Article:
• A 40-year-old man presents to his primary care physician with bilateral upper extremity weakness and sensory changes. He describes the sensory changes as "numb to pain and heat." Approximately 8 months ago, he had a multiple sclerosis exacerbation that required hospitalization with intravenous methylprednisolone for 5 days. On physical exam, there is sensory loss to pain and temperature in a "cape-like" distribution of the upper extremity, as well as 4/5 strength. The patient is scheduled for an MRI of the spine. (Post-inflammatory syringomyelia)
  • Dermatomal maps reflect the sensory distribution for a specific level
    • therefore, one can determine at which level (e.g., brainstem and spinal cord) the lesion is located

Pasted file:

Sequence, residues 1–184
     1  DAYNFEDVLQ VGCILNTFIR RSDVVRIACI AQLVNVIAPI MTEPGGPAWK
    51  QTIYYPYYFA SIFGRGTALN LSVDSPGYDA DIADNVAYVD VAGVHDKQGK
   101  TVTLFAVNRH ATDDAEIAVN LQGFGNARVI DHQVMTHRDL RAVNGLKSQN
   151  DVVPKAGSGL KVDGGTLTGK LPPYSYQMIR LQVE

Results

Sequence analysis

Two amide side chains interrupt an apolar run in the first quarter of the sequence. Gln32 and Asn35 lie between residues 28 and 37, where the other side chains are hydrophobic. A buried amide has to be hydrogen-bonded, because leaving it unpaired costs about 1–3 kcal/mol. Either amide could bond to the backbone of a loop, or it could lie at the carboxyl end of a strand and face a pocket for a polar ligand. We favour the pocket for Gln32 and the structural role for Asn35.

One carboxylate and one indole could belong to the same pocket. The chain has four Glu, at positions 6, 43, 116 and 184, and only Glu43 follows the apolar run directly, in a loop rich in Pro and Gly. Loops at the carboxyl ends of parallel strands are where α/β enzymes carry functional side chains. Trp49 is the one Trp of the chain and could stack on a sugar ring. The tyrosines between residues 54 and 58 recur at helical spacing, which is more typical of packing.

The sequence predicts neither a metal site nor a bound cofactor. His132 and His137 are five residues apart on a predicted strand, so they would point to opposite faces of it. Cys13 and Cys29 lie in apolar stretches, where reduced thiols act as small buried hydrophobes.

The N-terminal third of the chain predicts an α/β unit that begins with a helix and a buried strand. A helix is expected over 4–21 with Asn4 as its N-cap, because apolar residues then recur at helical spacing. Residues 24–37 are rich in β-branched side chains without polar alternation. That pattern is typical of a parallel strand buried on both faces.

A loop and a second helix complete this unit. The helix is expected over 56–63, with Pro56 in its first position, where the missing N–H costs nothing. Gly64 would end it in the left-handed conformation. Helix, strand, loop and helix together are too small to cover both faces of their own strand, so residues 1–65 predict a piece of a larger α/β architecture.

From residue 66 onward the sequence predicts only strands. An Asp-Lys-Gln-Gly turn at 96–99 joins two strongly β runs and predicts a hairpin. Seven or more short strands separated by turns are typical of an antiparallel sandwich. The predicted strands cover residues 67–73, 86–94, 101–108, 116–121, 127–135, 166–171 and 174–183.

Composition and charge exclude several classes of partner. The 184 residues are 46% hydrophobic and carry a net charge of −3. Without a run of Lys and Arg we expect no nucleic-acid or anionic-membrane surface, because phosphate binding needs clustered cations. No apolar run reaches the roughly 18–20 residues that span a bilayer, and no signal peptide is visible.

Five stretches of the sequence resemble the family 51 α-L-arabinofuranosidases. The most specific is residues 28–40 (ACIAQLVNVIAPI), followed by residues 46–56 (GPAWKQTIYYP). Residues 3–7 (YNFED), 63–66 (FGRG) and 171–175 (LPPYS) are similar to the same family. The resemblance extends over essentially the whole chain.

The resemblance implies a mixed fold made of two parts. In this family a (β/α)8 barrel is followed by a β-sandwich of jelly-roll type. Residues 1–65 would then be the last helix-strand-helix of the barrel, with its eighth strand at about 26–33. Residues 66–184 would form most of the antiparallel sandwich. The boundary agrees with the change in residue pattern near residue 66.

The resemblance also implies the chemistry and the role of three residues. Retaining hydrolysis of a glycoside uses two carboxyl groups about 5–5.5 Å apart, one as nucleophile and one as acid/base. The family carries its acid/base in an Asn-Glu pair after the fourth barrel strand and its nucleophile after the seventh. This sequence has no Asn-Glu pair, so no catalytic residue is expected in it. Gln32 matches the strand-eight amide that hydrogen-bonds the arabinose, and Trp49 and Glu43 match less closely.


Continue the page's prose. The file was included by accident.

• recall that the primary sensory modalities tested on physical exam includes
        • light touch
        • pain
        • temperature
        • vibration
        • proprioception
  • The dorsal root ganglia contain cell bodies of spinal nerve sensory neurons
Head and Neck

Upper Extremity


Chest and Abdomen

Important Dermatomal Landmarks of The Chest and Abdomen
Vertebral Level Sensory Area
  • Chest at level of nipple
    • "T4 at teat pore"
  • Chest at level of xiphoid process
    • "T7 at bottom of sternum"
  • Abdomen at level of umbilicus
    • "T10 at belly button (butTEN)"

Lower Extremity


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